I noticed that the starting gates were in a different position from the last time I was here. This means the first bend is not a good position to be in now, as the background is a mess of temporary stands and champagne tents. So I take the second bend instead as this has a cleaner background and I figure that any outer fencing that can be seen will disappear behind all the snow and ice that the horses kick up – I just hoped that the group of horses would still be tight enough together by the time they get to me. I put a remote with a 15mm fisheye lens under the inside rail and another remote with a 16-35mm lens looking in from the outside rail which is where I will be stood working on a 400mm.
Then I waited as the horses were loaded into the starting gates.
It was zero degrees, without taking the wind chill in to account, grey and overcast but at least the snow had stopped falling and I would now be able to see clearly as they take the bend.
The gates flew open and they were off – 11 horses came thundering down the track and by the time they reached the first bend I could feel the ‘turf’, which is a 70cm thick layer of ice, shaking under my feet. It was the most amazing feeling as the field passed me on the second bend and everywhere tremored.
With all the temporary buildings and spectators on the ice, the course apparently weighed 3,500 tons; however, ”according to physics there’s absolutely no risk,” said the White Turf director Rudolf Fopp. Well, I was glad he was so confident – I was not too sure as the horses disappeared past me in a cloud of ice and snow.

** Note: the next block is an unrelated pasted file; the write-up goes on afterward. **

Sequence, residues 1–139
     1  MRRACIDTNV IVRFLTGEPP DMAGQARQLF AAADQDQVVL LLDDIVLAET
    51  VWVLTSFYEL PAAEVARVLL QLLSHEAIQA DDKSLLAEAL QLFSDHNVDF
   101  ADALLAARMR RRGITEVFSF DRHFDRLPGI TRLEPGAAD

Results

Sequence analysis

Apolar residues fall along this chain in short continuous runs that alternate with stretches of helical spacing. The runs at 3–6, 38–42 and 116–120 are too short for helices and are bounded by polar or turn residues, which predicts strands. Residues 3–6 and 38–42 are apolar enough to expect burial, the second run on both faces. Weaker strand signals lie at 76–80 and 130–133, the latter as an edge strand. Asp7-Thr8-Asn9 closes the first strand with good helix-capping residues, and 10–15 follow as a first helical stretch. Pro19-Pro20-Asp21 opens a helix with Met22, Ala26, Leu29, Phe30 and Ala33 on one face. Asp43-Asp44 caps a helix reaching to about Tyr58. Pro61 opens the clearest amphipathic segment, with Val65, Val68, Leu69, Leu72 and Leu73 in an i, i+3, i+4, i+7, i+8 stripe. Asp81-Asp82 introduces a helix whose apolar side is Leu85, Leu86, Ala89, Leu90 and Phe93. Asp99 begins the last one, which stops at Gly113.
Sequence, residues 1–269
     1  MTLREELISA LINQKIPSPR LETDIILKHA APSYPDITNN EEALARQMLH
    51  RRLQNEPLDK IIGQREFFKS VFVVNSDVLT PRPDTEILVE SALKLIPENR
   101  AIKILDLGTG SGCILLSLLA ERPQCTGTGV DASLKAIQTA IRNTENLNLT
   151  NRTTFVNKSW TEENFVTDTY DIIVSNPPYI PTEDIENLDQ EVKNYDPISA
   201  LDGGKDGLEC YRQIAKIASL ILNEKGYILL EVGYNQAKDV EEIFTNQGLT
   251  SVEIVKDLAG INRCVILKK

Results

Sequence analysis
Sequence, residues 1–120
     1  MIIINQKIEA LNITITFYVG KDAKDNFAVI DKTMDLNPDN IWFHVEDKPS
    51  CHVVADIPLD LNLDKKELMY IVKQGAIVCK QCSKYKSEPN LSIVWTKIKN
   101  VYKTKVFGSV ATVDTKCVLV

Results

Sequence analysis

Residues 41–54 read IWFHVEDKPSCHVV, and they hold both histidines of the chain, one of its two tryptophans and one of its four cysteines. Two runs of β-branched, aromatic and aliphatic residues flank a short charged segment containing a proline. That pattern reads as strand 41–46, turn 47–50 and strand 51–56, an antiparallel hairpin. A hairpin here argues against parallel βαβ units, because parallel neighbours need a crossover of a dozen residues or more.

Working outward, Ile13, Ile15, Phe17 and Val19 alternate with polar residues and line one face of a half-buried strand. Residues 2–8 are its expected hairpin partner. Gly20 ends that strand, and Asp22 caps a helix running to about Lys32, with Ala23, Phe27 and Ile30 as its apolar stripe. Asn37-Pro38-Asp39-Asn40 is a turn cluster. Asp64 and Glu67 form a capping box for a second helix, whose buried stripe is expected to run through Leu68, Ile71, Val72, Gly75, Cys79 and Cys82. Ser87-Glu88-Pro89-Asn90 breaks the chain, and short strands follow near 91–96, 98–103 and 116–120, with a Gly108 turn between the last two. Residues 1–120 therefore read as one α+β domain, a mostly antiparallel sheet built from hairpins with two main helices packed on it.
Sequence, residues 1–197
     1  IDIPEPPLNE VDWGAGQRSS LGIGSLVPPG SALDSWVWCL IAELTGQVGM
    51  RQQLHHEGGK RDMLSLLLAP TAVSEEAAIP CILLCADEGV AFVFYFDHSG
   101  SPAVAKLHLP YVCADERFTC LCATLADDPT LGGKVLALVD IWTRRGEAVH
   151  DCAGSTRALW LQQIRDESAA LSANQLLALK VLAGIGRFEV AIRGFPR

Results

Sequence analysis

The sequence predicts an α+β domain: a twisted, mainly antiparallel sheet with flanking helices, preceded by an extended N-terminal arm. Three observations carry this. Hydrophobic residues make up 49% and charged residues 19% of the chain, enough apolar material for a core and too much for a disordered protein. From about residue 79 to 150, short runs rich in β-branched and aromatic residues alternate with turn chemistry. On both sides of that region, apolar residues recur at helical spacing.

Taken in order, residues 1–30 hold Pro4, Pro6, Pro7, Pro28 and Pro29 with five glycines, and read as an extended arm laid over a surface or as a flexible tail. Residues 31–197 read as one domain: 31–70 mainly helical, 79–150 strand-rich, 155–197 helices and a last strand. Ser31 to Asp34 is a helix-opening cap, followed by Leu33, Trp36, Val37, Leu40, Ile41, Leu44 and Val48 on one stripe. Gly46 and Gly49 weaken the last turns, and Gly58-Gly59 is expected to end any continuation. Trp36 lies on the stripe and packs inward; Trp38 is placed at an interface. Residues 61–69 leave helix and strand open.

I checked my remotes to see if they had fired then looked at sequence on the back of my main camera, which, considering the conditions, looked remarkably good – and that’s that, the most exhilarating few seconds of horse racing that you can ever experience.
A trotting race followed next on the card which all seemed quite tame and slow in comparison to the first flat race I’d just witnessed.
Then in the third race the undoubted drama of the day was provided by the Skijoring race. This crazy race (first run in 1906) has rider-less horses towing skiers around the 2,700m track at speeds up to 60km/h. One skier had a ski trodden on by a horse on the first bend, which caused pandemonium. Though medics managed to get the stricken ski-jockey with a broken pelvis off the course before the horses came round again, the loose horse ended up jumping into the crowd and the unlucky runner-up went the best part of a mile and a quarter on one ski.
By the fourth race the weather had closed in, and, yet again, heavy snowfall had started. Two more flat races and a trotting race completed the final White Turf meeting of the year and even though it was frustrating to travel all this way to Switzerland and be let down by the weather, I had a great day and it beat shooting Haydock races on a wet Sunday afternoon!
Just in case you were wondering, as I departed St. Moritz train station the next day, it was sunshine and blue sky!!
Editor’s note: Alex Livesey is a Sports photographer for Getty Images and a contributor to the Getty Images Blog.